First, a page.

This wasn't much of a move on its face, but to an alert bargainer it was a big signal. We had moved off our principle that the cabinet should be proportionate to the caucuses. We had dropped our "ask" by 12.5 per cent. And we hadn't said any closing words - "final and best offer" - i.e. there was still room in our minds to negotiate some more.
It didn't seem to us that these signals were picked up by the Liberal team, who appeared to still be having a hard time with the idea of socialists around the big table in any kind of role. Dawn Black and I didn't think we had a mandate to go much farther, especially when it seemed clear the Liberal team didn't have instructions that got them close enough to us to permit an agreement. It was therefore time to move this discussion to a better venue, preferably between Layton and Dion directly, followed by a clean-up session with fewer people involved. Punting the issue out of the room for a while would also have the virtue of creating a window for the Bloc to speak to the Liberals about their unwillingness to support a Liberal-only cabinet.
Black and I therefore suggested a three-step way forward: that we finish the rest of the coalition accord at this session; that we then go back to our principals for further instructions on the issue of the proportions within the cabinet, and perhaps have them speak directly to each other; and that Metcalfe and I then meet one-on-one early the following morning to finalize the government accord.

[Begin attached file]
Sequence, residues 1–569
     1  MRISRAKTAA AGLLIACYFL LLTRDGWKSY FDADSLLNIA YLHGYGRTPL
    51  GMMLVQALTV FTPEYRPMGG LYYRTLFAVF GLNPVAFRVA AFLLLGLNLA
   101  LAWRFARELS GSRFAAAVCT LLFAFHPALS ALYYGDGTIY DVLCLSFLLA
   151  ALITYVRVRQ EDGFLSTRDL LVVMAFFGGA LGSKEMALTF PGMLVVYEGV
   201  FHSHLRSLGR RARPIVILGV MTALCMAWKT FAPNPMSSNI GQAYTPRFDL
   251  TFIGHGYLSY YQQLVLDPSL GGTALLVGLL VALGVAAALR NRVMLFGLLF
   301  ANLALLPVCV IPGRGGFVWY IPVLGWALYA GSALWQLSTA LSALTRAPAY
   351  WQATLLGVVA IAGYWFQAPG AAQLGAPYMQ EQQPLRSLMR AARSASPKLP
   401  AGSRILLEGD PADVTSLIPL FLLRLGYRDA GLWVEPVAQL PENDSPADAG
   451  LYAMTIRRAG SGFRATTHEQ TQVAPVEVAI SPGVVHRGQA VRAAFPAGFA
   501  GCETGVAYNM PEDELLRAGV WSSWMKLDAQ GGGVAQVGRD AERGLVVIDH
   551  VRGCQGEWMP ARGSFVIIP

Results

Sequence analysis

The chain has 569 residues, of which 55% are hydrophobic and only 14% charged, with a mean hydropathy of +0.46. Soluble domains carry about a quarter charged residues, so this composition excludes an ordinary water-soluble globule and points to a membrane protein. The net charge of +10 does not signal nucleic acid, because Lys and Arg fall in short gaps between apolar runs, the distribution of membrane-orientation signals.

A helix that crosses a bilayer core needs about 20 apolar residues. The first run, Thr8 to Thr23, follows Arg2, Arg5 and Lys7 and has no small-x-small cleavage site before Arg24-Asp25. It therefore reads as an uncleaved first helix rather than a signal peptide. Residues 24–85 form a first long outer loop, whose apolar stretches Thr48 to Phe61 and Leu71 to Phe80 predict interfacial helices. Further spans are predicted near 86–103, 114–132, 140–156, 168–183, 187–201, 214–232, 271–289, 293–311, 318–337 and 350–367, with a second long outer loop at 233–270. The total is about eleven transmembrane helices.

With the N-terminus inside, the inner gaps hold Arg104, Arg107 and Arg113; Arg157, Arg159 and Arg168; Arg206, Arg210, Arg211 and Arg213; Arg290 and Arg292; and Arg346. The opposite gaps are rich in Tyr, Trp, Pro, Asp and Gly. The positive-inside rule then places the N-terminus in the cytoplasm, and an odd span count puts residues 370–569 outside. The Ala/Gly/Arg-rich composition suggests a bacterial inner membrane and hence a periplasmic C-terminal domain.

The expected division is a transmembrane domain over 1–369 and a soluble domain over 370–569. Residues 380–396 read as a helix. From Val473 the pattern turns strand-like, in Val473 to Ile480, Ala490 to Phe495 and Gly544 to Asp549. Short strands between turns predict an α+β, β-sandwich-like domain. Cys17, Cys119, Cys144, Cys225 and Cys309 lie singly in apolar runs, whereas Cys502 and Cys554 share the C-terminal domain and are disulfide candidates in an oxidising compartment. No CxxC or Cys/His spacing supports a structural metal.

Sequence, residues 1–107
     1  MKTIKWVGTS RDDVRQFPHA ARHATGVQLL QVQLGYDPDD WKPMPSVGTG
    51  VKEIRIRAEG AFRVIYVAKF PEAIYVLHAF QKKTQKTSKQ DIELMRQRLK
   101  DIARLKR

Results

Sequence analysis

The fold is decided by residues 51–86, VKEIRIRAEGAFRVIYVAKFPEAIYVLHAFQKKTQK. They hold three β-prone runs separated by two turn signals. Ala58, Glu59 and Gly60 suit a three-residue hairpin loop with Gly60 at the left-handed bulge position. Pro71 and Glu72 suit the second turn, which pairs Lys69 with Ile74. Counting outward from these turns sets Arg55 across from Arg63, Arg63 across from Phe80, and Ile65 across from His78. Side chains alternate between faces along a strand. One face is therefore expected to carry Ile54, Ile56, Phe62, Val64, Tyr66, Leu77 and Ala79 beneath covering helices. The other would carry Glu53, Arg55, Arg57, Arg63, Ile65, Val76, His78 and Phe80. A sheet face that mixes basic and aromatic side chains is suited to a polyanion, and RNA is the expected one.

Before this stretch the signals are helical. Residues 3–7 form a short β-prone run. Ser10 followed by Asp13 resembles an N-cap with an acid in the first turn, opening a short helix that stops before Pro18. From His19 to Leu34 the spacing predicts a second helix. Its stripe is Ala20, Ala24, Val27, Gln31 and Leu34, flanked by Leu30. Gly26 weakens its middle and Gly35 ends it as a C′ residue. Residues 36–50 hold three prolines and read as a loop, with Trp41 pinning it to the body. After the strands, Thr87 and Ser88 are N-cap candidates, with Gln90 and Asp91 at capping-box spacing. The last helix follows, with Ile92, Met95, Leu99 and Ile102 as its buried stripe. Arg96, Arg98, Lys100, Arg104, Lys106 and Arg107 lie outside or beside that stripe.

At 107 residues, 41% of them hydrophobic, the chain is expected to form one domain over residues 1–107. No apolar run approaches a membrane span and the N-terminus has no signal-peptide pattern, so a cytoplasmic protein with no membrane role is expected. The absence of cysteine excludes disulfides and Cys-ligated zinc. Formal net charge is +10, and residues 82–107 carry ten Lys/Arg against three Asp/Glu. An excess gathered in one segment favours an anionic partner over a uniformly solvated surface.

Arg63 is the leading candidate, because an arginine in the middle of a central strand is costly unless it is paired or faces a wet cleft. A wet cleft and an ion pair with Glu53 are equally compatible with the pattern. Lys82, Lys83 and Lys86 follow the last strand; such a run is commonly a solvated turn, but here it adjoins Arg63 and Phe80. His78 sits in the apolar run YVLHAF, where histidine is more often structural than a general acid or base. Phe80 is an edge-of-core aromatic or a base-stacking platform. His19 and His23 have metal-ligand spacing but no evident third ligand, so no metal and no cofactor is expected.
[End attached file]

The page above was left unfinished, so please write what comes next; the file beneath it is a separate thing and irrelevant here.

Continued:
We went back to the laptop and projector and worked amicably on the rest of the coalition accord.
We agreed on a "no surprises" clause, cribbed from the New Zealand governing accord.
The Liberals proposed and we agreed to a "standing committee of the accord," chaired by the prime minister. They had drawn this idea from some of their own reading of other coalition accords. It created a formal mechanism for coalition principals to meet regularly to make sure the coalition was on track. We stapled into this the idea of a committee of respected party leaders who would assist in dealing with disputes. Agreed. A few other points were dealt with, and we were done.
We adjourned to report to our principals. We had a completed coalition accord, with one issue outstanding. We wanted seven cabinet seats out of 24. The last Liberal offer was three.
Later that night, I tried to see how Metcalfe was coming along on our remaining issue. I called him for the first time at 7:00 p.m. and left a message on his cellphone. I echoed this with a BlackBerry note telling him I'd left him a message, my phone number attached. At 7:27 p.m. he replied: "Do you have anything from your side?" I replied: "I have a bit of room to manoeuvre." Metcalfe (7:37 p.m.): "I think I can get some movement but would help if I had an idea of what room you have."
Jack Layton and Anne McGrath left Centre Block to attend the annual press gallery dinner.
I called Metcalfe and this time he picked up my call. We spoke briefly, dancing around each other. Metcalfe told me he had been authorized to canvass the leadership candidates about the issue.
I reported my conversation with Metcalfe to Layton on his BlackBerry (9:05 p.m.): "Heard from Libs. They are canvassing three leadership candidates on Dion proposal to offer four seats. I told them not to make that a bottom line but they're close. They agreed to leave themselves some flex." Via Layton's BB, Anne McGrath replied (9:32 p.m.): "Anne here. Showed this message to Jack. He nodded."
Around 1 a.m., Layton and McGrath returned from the press gallery dinner. They reported seeing Ignatieff and Kory Teneycke, the Prime Minister's communications director, huddled together in an intense conversation that went on for some time.
That didn't sound encouraging.
It was time to call it a day.
Tomorrow: Things come together
(Editorial cartoon by Brian Gable/The Globe and Mail)
Copyright © 2009 Brian Topp